MLB.com Columnist

Lindsay Berra

Stanton reveals fuel for his power in Q&A

Marlins slugger discusses diet preferences, cheat foods

Stanton reveals fuel for his power in Q&A

In June 2015, a photo of Giancarlo Stanton's complete disregard for the rules of eating a Kit Kat sparked outrage on social media. He was admonished by teammates, fans and the Kit Kat company itself for taking one huge bite out of the candy bar instead of properly breaking it into columns. But clearly, it was cheat day, and there are no rules on cheat day.

The 6-foot-6, 245-pound Stanton is known for his workout regimen, supplementing his weight training with about 100 pushups and pullups per day. And his diet is just as meticulous.

We caught up with the Marlins slugger to find out just what he eats to fuel all of those home runs.

MLB.com: How do you monitor your diet?

Stanton: I don't count calories. I just try to see how hungry I am, see when was the last time I ate, because sometimes you get busy and you forget to eat or forget to catch up here and there. It depends on the day, on how much work I've done that day, if it's cold or hot or whatever. Vegetables and vitamins are the most important things to me, because it's easy to catch up on protein by drinking a shake.

MLB.com: What do you eat pre-workout?

Stanton: I don't lift early in the morning because I like to sleep, and I'm not too hungry in the morning, so I'll just do a nutritional shake or some protein when I wake up for breakfast. Something to make sure I have enough energy to get me through my workout, and then I'll have the meal post-workout. My favorite healthy meal would be salmon or grilled chicken and broccoli. I like broccoli and spinach, and that's about it for the green vegetables.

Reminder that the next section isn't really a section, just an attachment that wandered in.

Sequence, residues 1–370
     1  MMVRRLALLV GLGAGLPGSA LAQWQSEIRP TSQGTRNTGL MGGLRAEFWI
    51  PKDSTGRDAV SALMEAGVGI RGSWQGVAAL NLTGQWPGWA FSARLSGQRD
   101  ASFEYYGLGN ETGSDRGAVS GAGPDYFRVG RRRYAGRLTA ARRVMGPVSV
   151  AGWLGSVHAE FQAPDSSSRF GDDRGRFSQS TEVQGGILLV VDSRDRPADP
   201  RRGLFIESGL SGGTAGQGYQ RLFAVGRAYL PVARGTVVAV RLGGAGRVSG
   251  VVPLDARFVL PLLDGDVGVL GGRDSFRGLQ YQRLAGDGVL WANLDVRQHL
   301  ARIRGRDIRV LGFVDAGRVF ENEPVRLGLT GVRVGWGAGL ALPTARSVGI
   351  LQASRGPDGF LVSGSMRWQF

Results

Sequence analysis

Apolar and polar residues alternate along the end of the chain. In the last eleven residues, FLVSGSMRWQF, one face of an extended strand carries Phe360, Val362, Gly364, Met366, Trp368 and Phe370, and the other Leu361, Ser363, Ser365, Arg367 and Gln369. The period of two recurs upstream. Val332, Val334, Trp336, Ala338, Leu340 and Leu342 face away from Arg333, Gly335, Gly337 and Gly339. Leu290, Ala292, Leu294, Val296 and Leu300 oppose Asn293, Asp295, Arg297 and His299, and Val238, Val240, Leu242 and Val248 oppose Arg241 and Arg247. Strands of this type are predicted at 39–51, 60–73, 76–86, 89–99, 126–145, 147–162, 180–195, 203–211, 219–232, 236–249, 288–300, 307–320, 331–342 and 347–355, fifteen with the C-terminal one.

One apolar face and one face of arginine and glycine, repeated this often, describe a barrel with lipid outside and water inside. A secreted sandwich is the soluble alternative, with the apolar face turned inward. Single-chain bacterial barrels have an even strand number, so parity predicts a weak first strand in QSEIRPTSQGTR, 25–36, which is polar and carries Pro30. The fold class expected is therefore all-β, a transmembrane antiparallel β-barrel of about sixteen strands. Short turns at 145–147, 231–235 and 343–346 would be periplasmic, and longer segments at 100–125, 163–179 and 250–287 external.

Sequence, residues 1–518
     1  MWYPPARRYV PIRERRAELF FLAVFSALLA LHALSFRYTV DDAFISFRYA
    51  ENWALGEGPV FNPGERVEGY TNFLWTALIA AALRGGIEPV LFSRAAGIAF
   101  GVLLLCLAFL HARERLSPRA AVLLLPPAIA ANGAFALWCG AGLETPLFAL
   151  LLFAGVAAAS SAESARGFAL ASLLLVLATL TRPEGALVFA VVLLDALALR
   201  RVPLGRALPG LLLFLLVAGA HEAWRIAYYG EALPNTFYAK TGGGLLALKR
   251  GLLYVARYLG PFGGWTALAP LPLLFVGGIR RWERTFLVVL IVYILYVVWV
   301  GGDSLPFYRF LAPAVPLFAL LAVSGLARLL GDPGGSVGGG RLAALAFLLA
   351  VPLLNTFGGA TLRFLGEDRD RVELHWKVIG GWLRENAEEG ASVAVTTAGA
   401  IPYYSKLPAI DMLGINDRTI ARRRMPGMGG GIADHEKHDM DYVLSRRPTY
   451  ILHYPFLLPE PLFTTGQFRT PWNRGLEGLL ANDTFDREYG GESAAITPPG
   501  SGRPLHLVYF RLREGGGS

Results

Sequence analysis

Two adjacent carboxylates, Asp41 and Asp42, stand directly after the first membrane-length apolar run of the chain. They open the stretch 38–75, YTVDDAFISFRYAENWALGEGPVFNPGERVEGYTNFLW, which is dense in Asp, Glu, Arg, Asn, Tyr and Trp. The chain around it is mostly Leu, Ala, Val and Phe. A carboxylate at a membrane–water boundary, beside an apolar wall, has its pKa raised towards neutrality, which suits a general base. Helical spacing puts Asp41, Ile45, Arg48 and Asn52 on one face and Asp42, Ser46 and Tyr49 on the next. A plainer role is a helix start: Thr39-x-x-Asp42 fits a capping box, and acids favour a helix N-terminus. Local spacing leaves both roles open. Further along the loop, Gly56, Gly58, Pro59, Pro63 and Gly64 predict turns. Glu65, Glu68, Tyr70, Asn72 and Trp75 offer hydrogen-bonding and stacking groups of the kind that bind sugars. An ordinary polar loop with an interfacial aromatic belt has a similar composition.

MLB.com: What do you eat pregame?

Stanton: I don't like to play feeling heavy or bloated, so if I'm hungry, I'll snack on fruit or granola. Usually I like fruit, because it feels like I didn't eat anything but I'm still full. But granola, that would be my go-to snack, with a bunch of cinnamon on it and raisins. It used to be Fruity Pebbles and Cocoa Puffs, but that was before. Those were the days.

MLB.com: Has your diet changed over the years?

Stanton: I wasn't educated on diet when I was younger. I've done a lot of research and learned to be smarter, and I've felt good doing it. In the offseason, I have a chef, but not during the season. The Marlins have one at home.

MLB.com: Is there anything you won't eat?

Stanton: I don't like to eat beef too often, unless it's grass-fed. And I don't eat beans.

MLB.com: What are your favorite cheat foods?

Stanton: On an off-day I'll eat whatever I want. My favorite cheat meals are Oreo shakes, Cinnabons and Kit Kats. Usually chocolate. And when I go home, my mom makes my old-school favorites. She always says, "Come over, I'll cook for you," and I say, "Don't cook, I'm in training!" She makes ranchera, which is a way of making beef with spices and salsa, and she makes my favorite potatoes. That's bad. I don't eat a lot of white potatoes. For carbohydrates, I'll eat sweet potatoes, rice or fruit.

Lindsay Berra is a columnist for MLB.com. This story was not subject to the approval of Major League Baseball or its clubs.